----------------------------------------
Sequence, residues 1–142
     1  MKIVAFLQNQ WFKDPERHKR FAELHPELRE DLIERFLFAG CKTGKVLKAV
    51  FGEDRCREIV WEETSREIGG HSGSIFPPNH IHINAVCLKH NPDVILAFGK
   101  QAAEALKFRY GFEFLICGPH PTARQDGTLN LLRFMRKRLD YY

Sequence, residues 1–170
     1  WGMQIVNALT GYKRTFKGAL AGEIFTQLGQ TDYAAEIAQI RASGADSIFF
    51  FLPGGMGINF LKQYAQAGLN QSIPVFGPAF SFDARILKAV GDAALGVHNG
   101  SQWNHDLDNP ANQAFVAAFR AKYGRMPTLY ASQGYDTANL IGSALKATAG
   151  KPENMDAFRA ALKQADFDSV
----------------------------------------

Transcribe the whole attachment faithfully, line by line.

Sequence, residues 1–142
     1  MKIVAFLQNQ WFKDPERHKR FAELHPELRE DLIERFLFAG CKTGKVLKAV
    51  FGEDRCREIV WEETSREIGG HSGSIFPPNH IHINAVCLKH NPDVILAFGK
   101  QAAEALKFRY GFEFLICGPH PTARQDGTLN LLRFMRKRLD YY

Sequence, residues 1–170
     1  WGMQIVNALT GYKRTFKGAL AGEIFTQLGQ TDYAAEIAQI RASGADSIFF
    51  FLPGGMGINF LKQYAQAGLN QSIPVFGPAF SFDARILKAV GDAALGVHNG
   101  SQWNHDLDNP ANQAFVAAFR AKYGRMPTLY ASQGYDTANL IGSALKATAG
   151  KPENMDAFRA ALKQADFDSV